Aaron Fobes, Julia Lawless (202)224-4515
Obamacare at Six Years: Failing to Address Sky-Rocketing Costs
Americans Paying More in Taxes and More for Care under the Law
From the start, President Obama’s heath law has been a series of broken promises. And nearly six years later, the law’s negative consequences continue to plague the pocketbooks of patients and taxpayers. Take a look:
FACT: We were promised that Obamacare would lower health care costs by $2,500 for families.
• But now, nearly six years later, premiums are going in one direction - up. According to the Obama administration, average Obamacare premiums are expected to rise by 7.5 percent this year alone. And according to recent analysis of Obamacare’s benchmark silver plans, costs are up by an unweighted average of 11.5 percent.
• For patients in many states, it’s much worse in 2016:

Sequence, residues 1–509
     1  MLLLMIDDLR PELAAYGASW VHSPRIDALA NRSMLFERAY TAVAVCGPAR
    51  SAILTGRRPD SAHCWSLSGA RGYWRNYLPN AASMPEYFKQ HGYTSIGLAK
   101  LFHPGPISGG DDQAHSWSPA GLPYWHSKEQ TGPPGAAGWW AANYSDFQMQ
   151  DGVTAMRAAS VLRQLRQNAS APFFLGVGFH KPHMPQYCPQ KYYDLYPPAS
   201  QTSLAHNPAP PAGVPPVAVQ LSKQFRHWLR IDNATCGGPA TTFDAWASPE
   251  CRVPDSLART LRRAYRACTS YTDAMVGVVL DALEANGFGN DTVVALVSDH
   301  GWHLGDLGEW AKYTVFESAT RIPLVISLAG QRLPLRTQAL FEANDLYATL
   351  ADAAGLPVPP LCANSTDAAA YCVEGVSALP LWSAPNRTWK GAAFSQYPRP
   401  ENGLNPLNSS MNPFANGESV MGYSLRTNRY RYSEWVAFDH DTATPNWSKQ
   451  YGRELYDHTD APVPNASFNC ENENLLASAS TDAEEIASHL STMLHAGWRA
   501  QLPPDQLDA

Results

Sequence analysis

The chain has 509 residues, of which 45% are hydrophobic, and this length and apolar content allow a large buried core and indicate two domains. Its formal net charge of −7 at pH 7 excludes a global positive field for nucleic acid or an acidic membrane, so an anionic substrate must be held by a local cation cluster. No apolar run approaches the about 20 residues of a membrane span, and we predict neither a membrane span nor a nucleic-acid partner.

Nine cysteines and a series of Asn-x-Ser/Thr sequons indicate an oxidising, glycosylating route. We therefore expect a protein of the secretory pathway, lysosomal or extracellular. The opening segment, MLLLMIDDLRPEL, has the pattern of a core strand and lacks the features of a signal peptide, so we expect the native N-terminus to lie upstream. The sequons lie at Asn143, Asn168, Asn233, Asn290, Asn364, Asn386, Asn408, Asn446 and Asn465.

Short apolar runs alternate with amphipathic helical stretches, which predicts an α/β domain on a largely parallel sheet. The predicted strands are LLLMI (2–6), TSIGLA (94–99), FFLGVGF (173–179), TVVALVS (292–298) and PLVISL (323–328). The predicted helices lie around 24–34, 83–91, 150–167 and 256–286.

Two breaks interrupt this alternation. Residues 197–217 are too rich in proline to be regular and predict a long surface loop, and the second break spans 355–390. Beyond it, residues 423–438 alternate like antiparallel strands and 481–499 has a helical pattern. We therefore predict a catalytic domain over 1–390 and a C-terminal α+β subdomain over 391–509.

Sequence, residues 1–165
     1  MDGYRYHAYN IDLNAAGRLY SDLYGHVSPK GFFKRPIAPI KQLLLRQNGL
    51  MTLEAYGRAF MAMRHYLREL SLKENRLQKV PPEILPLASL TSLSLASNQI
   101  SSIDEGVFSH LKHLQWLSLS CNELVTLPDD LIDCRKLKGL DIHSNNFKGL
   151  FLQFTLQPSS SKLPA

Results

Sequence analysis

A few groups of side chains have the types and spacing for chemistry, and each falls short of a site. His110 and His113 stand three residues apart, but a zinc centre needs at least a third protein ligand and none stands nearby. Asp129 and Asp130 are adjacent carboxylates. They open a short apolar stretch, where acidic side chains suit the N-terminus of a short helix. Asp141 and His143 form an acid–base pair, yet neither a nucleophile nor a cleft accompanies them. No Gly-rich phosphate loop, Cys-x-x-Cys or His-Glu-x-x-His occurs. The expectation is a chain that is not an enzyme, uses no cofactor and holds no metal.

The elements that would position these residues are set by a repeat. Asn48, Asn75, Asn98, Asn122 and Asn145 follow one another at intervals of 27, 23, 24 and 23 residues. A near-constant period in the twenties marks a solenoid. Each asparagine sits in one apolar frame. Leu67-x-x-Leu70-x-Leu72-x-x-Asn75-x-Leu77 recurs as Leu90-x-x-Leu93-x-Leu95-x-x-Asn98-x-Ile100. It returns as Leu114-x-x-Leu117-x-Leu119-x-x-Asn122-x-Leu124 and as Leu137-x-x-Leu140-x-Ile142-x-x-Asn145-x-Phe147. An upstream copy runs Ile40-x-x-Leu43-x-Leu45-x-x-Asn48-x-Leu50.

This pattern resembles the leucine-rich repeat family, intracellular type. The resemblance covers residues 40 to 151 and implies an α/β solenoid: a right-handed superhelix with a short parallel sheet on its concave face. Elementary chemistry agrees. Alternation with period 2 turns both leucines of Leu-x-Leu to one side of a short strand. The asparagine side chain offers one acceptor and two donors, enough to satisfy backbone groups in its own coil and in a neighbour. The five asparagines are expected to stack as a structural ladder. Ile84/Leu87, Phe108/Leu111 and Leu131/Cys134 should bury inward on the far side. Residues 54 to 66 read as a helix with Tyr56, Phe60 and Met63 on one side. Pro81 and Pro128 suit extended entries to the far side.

o In Minnesota, insurance policies on the exchange have rate hikes in the double digits - between 14 and 49 percent.
o In Oregon, premiums for the benchmark plan on the exchange have risen by about 23 percent.
o In Alaska, the premium hike is more than 31 percent for the benchmark plan.
o In Oklahoma, the second lowest cost silver plan premiums increased more than 35 percent.
o In Utah, plans on the federally-run exchange are 22 percent higher next year.
FACT: Rising health care costs remain one of the top concerns for Americans.
• But Obamacare is not helping alleviate these concerns. In fact, a survey by the Robert Wood Johnson Foundation found that nearly 80 percent of uninsured Americans that have looked for insurance said that, after weighing everything, they couldn’t afford the purchase.
FACT: Nearly six years later, Americans are not only paying more for healthcare, but more in taxes to pay for the health law.
• According to the Congressional Budget Office, American households are feeling the impact at a rate of $20,000 in new taxes over the next 10 years.
FACT: According to updated enrollment estimates, Americans are not responding to Obamacare in the numbers originally thought.
• In October 2015, the administration announced it was only expecting about 10 million people to enroll in the federal exchanges this year – less than half the number originally projected by CBO.
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